Bohemian crystal sculpture Glowing Moon from Ms. Michaela Smrček (2)

Crystal is the new bronze: The work of the Vlčí Hora school comes to Monaco Yacht Show 2019

Sculpture in the 21st Century takes many forms whilst being steeped in a rich tradition of art history.  Ever since Marcel Duchamp exhibited ‘readymade’ art, conceptualism, inherent creativity and aesthetics have pushed the boundaries of the avant-garde to inform new ways of seeing three-dimensional art.

Today in a small town of Vlčí Hora North of Prague, a school of creativity has emerged from the ashes of the early 20th century taking root during the Cold War and flourishing since the early 90s.  Bohemia has been known for years for its crystal, yet the pre-conceptions concern jewellery, glass and ornamental design. This genre of crystal sculpture, however, distances itself from these origins and the medium is being re-evaluated as the new bronze, a striking art form signifying a new era of creative expression and modernity. These artists have explored how the medium, from sand into molten glass and finally hardened crystal monoliths, can be manipulated by individual artists to create a new vision of abstraction in the round.

In the same way that artists including Ai Wei Wei, Grayson Perry and Dale Chihuly have changed the reception of ceramic media through their practice, the perception of crystal as a ‘plastic art’ has evolved from craft to chef-d’oeuvre.  Now, established artists such as Vlastimil Beranek, Jan Frydrych and Michaela Smrcek are highly collectable – think fifty presidents and heads of state for starters – and they are commanding six-figure sums for commissions. Like any established practitioners, they have sound careers, strong gallery representation (with controlled exposure ) visible stylistic development and distinctive artistic quality.  Many have a presence in National Museums such as the V&A, The Royal Dutch and the Royal Ghent museums.

Working with raw material demands a high level of skill and years of technical know-how.  Creating a monumental work which can weigh up to 100kg, is what sets this modern-day school apart from anything that has gone before.  It takes years of refinement, trial and error to turn conceptual drawings into reality. This is perhaps where crystal as the new bronze differs from cast media where the artist relies heavily on foundry technicians and workmen.  Working in crystal, the artist exercises to firm and full control over the entire execution process.

Beyond skilled craftsmanship, the Vlčí Hora School is responsible for a new genre of fine art with abstraction at its core.  As with most sculpture, the ability to capture light at different angles and times of day or night is a major characteristic of the medium.  So too is the treatment of the surface and surface tension. The translucent nature of crystal, the possibilities created by adding additional materials and colours along with the ability of the artist to render body and surface to near perfection enables a myriad of solutions and light effects.  No wonder then that so many reside on superyachts where, not only are they deemed durable, but the effects of light are enhanced out on the water.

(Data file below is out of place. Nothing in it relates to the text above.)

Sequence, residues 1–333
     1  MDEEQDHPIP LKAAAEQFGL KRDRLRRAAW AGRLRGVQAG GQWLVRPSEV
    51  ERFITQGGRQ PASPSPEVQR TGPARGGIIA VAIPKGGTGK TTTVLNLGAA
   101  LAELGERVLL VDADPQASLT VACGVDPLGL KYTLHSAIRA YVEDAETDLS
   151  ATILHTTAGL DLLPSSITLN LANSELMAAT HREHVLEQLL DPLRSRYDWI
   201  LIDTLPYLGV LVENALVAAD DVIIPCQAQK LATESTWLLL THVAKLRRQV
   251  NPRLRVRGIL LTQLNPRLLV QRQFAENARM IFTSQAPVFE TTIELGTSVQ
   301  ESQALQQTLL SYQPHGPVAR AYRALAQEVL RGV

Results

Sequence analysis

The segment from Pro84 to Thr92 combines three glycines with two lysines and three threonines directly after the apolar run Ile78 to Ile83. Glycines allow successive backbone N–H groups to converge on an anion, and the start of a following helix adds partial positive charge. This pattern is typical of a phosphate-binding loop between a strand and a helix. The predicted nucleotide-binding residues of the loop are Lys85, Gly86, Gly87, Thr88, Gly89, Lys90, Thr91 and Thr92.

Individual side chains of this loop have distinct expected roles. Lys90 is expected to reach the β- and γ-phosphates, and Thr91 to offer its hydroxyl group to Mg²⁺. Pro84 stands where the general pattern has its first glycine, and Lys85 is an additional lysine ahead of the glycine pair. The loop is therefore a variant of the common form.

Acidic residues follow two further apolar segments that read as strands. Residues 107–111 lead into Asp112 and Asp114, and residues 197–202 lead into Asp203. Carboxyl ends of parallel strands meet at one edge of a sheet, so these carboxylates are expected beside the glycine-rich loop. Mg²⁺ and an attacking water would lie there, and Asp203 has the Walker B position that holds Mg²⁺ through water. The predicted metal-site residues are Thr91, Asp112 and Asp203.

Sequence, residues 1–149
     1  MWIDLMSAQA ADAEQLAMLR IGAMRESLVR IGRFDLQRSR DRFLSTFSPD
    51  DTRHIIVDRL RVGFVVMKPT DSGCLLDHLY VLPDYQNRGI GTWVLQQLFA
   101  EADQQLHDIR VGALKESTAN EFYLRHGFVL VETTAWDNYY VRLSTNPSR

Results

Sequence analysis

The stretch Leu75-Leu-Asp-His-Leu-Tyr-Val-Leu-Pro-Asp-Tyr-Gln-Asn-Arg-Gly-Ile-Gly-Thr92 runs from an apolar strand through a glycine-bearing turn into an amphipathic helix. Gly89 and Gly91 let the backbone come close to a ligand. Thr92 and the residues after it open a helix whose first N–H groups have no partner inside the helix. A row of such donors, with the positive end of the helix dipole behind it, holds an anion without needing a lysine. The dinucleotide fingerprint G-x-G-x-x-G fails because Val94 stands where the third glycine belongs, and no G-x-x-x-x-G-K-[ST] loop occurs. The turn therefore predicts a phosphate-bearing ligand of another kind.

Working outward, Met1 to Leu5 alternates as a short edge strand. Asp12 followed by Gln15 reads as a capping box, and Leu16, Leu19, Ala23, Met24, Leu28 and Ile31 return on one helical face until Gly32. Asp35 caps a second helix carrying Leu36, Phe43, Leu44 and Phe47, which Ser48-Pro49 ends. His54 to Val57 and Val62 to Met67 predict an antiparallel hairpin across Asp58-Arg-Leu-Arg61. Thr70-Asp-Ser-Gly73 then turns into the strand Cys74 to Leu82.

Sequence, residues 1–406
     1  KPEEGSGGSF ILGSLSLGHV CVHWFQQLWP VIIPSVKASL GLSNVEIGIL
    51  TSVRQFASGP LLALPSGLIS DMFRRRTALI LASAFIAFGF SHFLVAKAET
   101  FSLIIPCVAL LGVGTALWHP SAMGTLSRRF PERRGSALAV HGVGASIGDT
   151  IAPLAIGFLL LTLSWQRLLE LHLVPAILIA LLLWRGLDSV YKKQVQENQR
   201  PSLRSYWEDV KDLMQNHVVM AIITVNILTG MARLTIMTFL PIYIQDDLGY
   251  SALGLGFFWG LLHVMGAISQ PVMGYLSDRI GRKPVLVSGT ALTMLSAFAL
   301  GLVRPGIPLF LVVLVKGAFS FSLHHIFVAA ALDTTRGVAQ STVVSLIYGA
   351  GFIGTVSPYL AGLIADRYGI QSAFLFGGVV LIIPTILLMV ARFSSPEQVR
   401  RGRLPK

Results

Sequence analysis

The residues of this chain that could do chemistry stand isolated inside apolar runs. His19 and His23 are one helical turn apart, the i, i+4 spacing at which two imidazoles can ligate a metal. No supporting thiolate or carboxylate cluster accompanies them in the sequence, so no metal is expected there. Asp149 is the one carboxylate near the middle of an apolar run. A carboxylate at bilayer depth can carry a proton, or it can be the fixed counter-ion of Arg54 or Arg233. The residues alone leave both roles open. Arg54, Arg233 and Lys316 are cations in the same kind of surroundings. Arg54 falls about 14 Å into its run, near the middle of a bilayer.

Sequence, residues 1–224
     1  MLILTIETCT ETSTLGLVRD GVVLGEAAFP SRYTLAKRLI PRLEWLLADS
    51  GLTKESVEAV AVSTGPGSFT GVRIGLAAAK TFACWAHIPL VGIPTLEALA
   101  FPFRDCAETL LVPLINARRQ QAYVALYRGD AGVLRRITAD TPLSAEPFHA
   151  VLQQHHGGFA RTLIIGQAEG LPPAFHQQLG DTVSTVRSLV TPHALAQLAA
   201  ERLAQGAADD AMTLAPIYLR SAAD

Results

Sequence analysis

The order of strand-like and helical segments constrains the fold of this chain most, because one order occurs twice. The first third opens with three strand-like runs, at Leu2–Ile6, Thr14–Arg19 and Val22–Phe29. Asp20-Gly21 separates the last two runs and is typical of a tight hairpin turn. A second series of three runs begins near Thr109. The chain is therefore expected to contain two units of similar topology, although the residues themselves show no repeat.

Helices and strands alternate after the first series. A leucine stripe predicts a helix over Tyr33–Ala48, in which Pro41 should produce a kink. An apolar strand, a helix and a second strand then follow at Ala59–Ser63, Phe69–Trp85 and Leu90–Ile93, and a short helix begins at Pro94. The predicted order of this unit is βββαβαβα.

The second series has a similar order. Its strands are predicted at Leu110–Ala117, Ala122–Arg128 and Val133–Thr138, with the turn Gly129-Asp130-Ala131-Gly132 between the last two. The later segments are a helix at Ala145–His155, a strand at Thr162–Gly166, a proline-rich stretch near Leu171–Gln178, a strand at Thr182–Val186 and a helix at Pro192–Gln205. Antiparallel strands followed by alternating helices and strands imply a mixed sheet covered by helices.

The Aqua One series by Vlastimil Beranek breathes organic form reminiscent of a Henry Moore, charged with similar energy yet utilising the transparent medium to allow the depth of colour, refraction of light and new treatments of the surface.  Beranek typically accompanies pieces with poetry, for he is also a writer and this informs his work.  Jan Frydrych, by contrast, is an architect and approaches the medium from a mathematical perspective creating draughtsman like forms so that geometry punctuates the spaces they occupy. Frydrych pushes his no technical ability to the limit, encasing floating objects suspended in the crystal for a futuristic effect. This is not a medium or practice confined to men. A third artist Michaela Smrček exhibits an altogether different architectural approach with tall monumental shards with rusticated edges in transfixing colours resembling primitive stalactites. She also experiments with large crescent moons using blue and green hues to capture and refract light with stunning effect when residing on the deck of a superyacht.

The Northern Bohemia School has grown to include over a dozen artists and their pupils. It is gaining worldwide recognition as an appreciation of the medium grows, the stylistic development of the artists surpasses new boundaries and exhibitions such as a recent one, dramatically held underwater in Palma, take place around the world.  Works by the  Vlčí Hora artists circle are now mainstream pieces in the portfolios of significant global art collectors and it remains to be seen how the next generation of sculptors in the crystal will take the baton and evolve their own style from the durable legacy of their mentors.

Artsio Gallery will be exhibiting at the Monaco Yacht show pavilion in September.

For further information:

editor@therealriviera.com 

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